When Rolf S. comes to a school for an educational workshop, the 70-year-old first asks whether the students know Sinti and Roma. Most say no. “But when I ask them how they imagine Sinti and Roma, many prejudices come out blank. That we are not sedentary, steal, that we cannot be trusted, that we are liars, school dropouts.” Rolf S. is frightened again and again.

If he had come out as a Sinto earlier, many would have reached for their wallets. Today, some put their cell phones in their pockets. “Or they say: You’re not like them at all!”

S. is deputy chairman of the state association of German Sinti and Roma in Schleswig-Holstein, but prefers not to be given his full name. His daughter doesn’t want everyone to know that she is Sintezza. The minority is often equated with poverty. “And yes, there are Sinti and Roma who live in miserable conditions, which is also a result of discrimination. But that’s not the majority,” says S., who himself worked in a managerial position in the construction industry before retiring. His daughter has studied, his son is a civil servant.

In Germany, tackling prejudice is increasingly perceived as a task for the state. Since March, the federal government has had the lawyer Mehmet Daimaguler as an Antiziganism Commissioner, who is based at the Ministry for Family Affairs. He became particularly well-known as a representative of the private prosecutor in the NSU trial.

In Brandenburg, the fight against antigypsyism could soon become a state goal – alongside the fight against antisemitism. The Jewish educationalist Michael Brumlik, among others, had spoken out in favor of this in advance. He said to the “taz”: “It corresponds to the special historical responsibility of Germany and also of the state of Brandenburg to treat anti-Semitism and antiziganism equally in a state constitution.”

Around 500,000 people fell victim to the Nazi genocide of the Sinti and Roma, known as Porajmos in Romany. The federal government only recognized him in 1982, but many victims still had to wait decades for recognition and compensation.

A two-thirds majority is needed for the constitutional amendment in the Brandenburg state parliament, which the supporters, according to their own statements, could achieve exactly. If the application goes through, Brandenburg would be the second federal state after Schleswig-Holstein to lead the fight against antigypsyism in the constitution.

Antiziganism representative Daimagüler tells WELT that he hopes that the step “could have a signal effect for other federal states.” Because: “Many of the areas in which antiziganism is evident are within the competence of the federal states.”

A survey by WELT of the justice ministries of the federal states showed that none of them are planning to anchor the fight against antigypsyism as a state goal like Brandenburg. However, the Berlin Senate Department for Justice announced that they were “in close contact with the communities in the capital” on the question. In Bremen, on the other hand, a motion was already passed in the first reading to include a general anti-fascism clause in the state constitution.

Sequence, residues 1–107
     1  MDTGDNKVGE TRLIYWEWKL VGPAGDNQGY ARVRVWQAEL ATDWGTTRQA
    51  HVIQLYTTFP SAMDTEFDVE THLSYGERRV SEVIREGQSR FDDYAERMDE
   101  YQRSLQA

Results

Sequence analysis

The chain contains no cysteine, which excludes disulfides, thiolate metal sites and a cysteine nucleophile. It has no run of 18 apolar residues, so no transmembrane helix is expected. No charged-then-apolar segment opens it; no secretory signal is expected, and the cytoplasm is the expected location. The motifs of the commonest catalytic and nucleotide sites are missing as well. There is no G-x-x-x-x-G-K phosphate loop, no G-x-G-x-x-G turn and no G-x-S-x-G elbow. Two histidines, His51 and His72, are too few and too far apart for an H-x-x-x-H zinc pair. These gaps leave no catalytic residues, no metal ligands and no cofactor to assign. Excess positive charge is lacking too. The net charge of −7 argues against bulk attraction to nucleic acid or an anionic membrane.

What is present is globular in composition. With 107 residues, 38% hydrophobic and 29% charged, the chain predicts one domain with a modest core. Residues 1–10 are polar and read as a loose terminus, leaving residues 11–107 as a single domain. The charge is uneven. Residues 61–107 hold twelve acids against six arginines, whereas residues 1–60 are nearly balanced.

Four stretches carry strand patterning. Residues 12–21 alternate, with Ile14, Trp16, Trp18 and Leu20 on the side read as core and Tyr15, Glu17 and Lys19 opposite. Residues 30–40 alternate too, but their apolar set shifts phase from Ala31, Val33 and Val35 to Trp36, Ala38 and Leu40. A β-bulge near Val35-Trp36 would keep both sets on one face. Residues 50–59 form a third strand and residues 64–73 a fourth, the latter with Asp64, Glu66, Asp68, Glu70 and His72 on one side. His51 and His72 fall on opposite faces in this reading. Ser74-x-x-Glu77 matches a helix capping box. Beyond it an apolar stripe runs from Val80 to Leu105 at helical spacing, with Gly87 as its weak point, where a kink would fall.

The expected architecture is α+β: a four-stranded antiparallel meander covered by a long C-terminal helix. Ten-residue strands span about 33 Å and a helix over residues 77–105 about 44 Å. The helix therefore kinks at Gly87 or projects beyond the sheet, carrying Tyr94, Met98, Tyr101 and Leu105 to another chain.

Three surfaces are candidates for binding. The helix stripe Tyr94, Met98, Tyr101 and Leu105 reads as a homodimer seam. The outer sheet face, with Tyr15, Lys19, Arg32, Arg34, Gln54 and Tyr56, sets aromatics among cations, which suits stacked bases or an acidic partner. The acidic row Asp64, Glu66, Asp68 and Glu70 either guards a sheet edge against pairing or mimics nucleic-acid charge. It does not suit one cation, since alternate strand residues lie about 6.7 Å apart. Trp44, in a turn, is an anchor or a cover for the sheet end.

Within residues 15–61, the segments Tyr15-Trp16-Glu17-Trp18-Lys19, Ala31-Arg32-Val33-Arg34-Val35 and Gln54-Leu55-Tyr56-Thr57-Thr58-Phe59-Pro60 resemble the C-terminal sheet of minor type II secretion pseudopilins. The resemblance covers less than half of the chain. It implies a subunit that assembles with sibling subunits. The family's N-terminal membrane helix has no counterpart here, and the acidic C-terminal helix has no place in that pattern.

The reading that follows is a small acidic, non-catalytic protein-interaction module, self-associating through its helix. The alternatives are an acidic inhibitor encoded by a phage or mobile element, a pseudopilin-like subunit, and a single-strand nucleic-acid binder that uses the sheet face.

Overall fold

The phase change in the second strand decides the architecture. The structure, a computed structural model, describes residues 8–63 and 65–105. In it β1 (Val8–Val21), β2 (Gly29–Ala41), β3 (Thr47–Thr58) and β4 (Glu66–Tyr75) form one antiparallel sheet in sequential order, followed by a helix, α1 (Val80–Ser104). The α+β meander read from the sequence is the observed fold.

And for Hamburg, the deputy parliamentary group leader of the Greens, Lena Zagst, says that the parliament is currently examining “a formulation to anchor our commitment against all forms of group-related enmity in the preamble.” One wants to avoid emphasizing individual forms of discrimination before others. In addition, several federal states have already concluded administrative agreements with an association representing the interests of the Sinti and Roma.

Herbert Heuss, Scientific Director of the Central Council of German Sinti and Roma, demands that the federal states should appoint representatives against antigypsyism so that more action can be taken to combat antigypsyism. Heuss believes that they could work with Sinti and Roma self-representatives and would be suitable contacts in the event of incidents.

“So far, people who are affected by antigypsyism have rarely reported to the anti-discrimination offices of the federal states due to a general skepticism towards the authorities.” This is due to the long history of discrimination, even long after the end of the Second World War .

Heuss considers better education to be particularly important. “The topic should be included in the curricula as a mandatory requirement, otherwise teachers will not deal with it.” The Leipzig authoritarianism study from 2020 shows how deeply antigypsyism is still rooted, according to which two years ago 41.9 percent of those surveyed said that they had problems have if Sinti and Roma are in their area. “There has been an awareness of antigypsyism at the political level for a number of years,” says Heuss. “Now it has to reach the general public, that will take time.”

Rolf S. from the State Association of Sinti and Roma in Schleswig-Holstein says that a lot has changed since the fight against antiziganism was included in the state constitution in 2012. The association receives more financial resources for its work, members meet representatives of the state parliament and the city of Kiel once a year, which has improved the exchange.

The pensioner still hears about bad experiences with the authorities to this day. “It happens again and again that some believe they can scold us from above because it is assumed that we don’t know the law anyway.” However, he also has the feeling that it is slowly becoming less – “maybe also because of more younger people Employee”.

“Kick-off Politics” is WELT’s daily news podcast. The most important topic analyzed by WELT editors and the dates of the day. Subscribe to the podcast on Spotify, Apple Podcasts, Amazon Music or directly via RSS feed.